Apart from the imagery and diction suggesting homosexual relationship, the poem features direct references to homosexual love. Specifically, the love relationship between Gilgamesh and Enkidu develops the way it would between a man and a woman, and the heroes themselves call it love. For example, the relationship starts as Enkidu prevents Gilgamesh from sleeping with another bride. As he stands on Gilgamesh’s way to the place of sexual intercourse, he explicitly stakes his sexual claim. After the two men wrestle, they kiss. This kiss is an evident sign of homosexual love just as Enkidu’s stopping Gilgamesh from sleeping with the woman. Interestingly, ever since that moment, Gilgamesh does not sleep with any brides, but instead “loves” Enkidu. Just as a couple in love, during the first journey, Gilgamesh and Enkidu, go hand in hand, to illustrate: “Take my hand, friend, and we shall go on together / Let your thoughts dwell on combat! / Forget death and seek life!” (Tablet IV). Further, the rivalry between Ishtar and Enkidu, where he says that he would kill her if he were able to catch her, reminds the rivalry between two women, where Enkidu is a jealous lover.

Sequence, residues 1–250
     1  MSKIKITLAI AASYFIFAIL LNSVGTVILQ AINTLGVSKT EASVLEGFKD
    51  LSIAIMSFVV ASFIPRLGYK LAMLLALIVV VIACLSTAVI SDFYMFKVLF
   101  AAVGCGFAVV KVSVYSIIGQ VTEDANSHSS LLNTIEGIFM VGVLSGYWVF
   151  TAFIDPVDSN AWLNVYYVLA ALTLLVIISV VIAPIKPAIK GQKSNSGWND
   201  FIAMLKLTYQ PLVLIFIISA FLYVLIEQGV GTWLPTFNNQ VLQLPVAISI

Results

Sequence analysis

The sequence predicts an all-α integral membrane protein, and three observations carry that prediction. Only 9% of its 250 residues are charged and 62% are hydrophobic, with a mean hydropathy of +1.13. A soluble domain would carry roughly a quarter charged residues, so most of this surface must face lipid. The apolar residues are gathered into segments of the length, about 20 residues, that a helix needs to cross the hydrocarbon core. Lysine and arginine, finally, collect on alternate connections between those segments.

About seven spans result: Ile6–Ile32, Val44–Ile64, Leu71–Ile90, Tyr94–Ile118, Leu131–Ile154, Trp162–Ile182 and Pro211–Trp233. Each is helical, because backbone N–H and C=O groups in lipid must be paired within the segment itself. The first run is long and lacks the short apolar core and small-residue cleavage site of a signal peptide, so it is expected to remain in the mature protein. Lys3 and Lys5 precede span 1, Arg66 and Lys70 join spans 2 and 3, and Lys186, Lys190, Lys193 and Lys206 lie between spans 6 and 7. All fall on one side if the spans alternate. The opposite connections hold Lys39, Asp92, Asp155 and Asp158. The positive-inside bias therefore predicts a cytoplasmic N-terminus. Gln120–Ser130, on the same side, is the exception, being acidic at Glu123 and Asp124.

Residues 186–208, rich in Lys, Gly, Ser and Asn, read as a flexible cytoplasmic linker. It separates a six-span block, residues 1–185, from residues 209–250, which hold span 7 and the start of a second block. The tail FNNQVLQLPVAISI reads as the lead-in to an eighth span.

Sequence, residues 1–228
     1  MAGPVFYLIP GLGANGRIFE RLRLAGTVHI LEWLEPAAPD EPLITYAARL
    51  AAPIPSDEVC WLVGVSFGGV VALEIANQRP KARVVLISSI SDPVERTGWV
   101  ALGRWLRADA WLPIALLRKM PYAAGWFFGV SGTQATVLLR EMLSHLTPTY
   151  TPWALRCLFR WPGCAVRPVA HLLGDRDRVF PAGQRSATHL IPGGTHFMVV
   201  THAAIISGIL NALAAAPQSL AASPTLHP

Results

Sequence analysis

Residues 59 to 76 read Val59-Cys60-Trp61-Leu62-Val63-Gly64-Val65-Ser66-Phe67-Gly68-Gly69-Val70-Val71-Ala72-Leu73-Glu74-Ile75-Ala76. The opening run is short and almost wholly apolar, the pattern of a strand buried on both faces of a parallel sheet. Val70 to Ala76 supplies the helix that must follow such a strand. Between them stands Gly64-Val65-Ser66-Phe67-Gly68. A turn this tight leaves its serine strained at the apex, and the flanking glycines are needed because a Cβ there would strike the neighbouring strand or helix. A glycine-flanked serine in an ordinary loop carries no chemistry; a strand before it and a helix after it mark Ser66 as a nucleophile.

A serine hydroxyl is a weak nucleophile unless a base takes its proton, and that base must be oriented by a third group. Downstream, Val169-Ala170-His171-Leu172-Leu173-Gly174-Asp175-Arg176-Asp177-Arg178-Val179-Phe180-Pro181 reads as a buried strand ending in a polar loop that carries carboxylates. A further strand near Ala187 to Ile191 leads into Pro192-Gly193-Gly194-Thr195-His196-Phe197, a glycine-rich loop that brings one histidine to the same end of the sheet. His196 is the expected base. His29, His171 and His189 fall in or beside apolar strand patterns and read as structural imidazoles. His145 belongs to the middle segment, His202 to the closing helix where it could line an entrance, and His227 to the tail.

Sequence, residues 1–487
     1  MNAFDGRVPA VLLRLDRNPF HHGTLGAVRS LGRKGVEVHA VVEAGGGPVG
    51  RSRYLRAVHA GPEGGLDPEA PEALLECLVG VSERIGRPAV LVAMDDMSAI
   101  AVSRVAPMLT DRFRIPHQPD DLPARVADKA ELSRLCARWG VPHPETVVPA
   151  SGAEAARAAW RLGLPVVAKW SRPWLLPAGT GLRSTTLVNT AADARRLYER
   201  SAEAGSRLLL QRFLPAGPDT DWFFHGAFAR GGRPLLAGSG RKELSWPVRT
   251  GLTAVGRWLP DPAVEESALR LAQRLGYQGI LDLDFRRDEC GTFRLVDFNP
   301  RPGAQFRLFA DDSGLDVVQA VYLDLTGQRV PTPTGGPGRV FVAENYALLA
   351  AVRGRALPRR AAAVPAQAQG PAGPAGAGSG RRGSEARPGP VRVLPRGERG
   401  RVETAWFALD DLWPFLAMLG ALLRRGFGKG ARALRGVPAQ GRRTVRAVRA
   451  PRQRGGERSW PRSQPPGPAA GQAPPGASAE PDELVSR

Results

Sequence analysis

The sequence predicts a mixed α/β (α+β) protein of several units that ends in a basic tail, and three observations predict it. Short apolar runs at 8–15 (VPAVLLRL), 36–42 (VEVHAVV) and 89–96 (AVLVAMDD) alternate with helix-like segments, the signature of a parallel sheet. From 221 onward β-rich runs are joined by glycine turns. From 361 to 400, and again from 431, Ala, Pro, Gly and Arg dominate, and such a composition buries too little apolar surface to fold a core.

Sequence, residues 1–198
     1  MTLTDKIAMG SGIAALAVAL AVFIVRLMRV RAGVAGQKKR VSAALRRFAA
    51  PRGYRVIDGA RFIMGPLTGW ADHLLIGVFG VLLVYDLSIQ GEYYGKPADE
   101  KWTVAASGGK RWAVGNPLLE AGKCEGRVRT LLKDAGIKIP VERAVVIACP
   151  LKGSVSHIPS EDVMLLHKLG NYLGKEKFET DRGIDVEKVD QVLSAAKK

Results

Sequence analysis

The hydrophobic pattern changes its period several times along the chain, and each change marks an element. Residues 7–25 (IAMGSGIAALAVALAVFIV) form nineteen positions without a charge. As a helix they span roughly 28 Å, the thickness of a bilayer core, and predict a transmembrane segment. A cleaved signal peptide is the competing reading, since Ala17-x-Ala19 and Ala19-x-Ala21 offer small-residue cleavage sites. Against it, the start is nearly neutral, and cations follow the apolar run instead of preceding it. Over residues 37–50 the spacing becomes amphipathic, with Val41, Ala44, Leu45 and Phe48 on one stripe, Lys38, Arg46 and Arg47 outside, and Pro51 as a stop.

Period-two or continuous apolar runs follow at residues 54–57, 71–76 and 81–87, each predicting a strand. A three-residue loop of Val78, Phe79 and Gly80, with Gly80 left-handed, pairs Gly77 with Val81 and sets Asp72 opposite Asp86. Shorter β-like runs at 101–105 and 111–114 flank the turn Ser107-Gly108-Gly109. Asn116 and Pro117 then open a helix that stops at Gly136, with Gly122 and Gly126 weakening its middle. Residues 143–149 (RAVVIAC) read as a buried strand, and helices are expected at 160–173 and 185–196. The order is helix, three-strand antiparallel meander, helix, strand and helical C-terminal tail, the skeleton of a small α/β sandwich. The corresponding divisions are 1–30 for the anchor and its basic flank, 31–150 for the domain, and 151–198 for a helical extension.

Overall, critics, including Halperin et al, Ackerman, and Boswell, are right when they define the relationship between the main heroes of the epic as homosexual. Their observations are confirmed by our analysis, which revealed an extensive use of homoerotic imagery, diction, and direct references to gay intimacy.

  • Ackerman, Susan. When Heroes Love: The Ambiguity of Eros in the Stories of Gilgamesh and
    David. Columbia University Press, 2005. Print.
  • Boswell, John. Same-sex Unions in Pre-modern Europe. New York: Villard Books, 1994. Print.
  • Sellner, Edward. The Double: Male Eros, Friendships, and Mentoring: From Gilgamesh to
    Kerouac. Lethe Press, 2013. Print.
  • Halperin, David, Winkler, John, & Froma Zeitlin (Eds.). Before Sexuality: The Construction of
    Erotic Experience in the Ancient Greek World. Princeton, NJ: Princeton University Press.